Firebreaks help delineate the boundary of the burn unit and reduce the fuel along edge of the unit to make ignition easier. Additionally, firebreaks are used for access by personnel and equipment. Firebreaks should be to bare ground or mineral soil, yet constructed to not cause erosion problems.
Establish permanent firebreaks, remember, prescribed fire is not a one time treatment. For more information see Firebreaks for Prescribed Burning NREM-2890 at: http://pods.dasnr.okstate.edu/docushare/dsweb/Get/Document-8542/NREM-2890web.pdf
In general, the width of the firebreak on the downwind side of the area to be burned should be ten times the height of the flammable vegetation within the burn unit. Firebreaks are usually a combination of bare ground, mowed strips, and backfired or blackened strips. If the firebreak is insufficient, you may experience an escaped fire. Some recommended widths of blackened areas are:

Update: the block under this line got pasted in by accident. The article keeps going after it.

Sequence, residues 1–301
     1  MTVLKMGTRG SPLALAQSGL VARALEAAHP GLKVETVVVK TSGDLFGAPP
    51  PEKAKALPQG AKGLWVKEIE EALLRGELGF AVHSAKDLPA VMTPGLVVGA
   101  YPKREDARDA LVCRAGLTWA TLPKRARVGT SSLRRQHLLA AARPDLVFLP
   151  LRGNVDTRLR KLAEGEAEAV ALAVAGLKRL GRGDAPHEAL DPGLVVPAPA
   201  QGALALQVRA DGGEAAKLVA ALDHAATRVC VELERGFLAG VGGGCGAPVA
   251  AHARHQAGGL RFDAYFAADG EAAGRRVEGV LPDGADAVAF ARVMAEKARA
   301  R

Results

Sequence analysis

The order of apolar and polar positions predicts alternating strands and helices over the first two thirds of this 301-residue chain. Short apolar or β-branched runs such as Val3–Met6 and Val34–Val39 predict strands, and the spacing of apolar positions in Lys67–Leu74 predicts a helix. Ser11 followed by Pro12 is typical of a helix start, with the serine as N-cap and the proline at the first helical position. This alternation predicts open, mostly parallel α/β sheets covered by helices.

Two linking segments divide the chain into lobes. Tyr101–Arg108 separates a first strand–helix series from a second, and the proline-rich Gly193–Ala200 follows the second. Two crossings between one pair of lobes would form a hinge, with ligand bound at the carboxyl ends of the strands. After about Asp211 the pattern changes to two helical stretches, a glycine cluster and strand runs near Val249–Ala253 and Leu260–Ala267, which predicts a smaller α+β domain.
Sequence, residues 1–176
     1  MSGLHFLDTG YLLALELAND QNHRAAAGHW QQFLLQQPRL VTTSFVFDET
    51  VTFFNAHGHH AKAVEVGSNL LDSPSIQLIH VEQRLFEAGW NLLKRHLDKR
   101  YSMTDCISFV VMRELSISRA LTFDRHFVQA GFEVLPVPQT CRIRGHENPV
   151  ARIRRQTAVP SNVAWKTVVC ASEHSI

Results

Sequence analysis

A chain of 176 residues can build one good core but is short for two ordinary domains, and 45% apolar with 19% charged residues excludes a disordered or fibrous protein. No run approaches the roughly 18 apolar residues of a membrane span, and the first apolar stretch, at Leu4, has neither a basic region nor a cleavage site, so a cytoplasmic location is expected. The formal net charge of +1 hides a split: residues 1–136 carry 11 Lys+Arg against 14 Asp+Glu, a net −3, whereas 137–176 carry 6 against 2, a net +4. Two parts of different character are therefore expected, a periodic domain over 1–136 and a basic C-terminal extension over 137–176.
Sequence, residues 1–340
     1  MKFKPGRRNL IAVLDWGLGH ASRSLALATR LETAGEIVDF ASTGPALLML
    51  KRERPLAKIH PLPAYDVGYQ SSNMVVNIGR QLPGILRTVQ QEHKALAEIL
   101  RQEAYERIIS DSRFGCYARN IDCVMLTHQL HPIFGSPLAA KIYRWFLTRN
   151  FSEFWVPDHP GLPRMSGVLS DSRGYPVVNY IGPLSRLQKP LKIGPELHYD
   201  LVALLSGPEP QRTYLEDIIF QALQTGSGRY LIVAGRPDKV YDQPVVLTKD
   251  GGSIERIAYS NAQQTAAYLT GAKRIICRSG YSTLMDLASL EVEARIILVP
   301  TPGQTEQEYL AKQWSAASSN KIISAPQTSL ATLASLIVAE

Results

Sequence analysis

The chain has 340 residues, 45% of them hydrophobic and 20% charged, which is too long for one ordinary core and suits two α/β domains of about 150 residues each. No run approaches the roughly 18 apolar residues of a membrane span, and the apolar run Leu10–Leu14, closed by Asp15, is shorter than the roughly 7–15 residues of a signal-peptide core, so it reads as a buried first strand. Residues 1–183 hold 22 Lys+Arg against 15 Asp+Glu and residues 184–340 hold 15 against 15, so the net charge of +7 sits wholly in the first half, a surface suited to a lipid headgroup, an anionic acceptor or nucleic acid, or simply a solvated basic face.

- Grass fuels only = 100 feet
- Grass fuels with cedar = 300 feet
- Grass fuels with sand shinnery oak = 200 feet
- Grass fuels with sand sage brush = 200 feet
- Forest understory of leaf litter fuels = 50 feet
- Forest understory of leaf litter fuels with cedar = 300 feet
Firebreaks allow access for personnel and equipment.
Mowed Lines / Wet Lines
Require more personnel, equipment, water, and takes longer to conduct fire. They also are risky without a high level of experience.
Use mowing to reduce fuel loads next to cattle trails.
Mowed firebreak with water being applied just before ignition. The area to the left of the person is the burn unit.
Roads, paved, county, two track or feed roads
These are scraped to mineral soil to remove fuels.
Be sure to mow and then disk the area twice to ensure there is no continuous fuel in the line.
Leaf blower or raked lines
These work well for short distances in forested areas where fuel levels are low.
Creeks, rivers, lakes, cultivated fields, forest edges can be used to minimize cost, effort and erosion potential.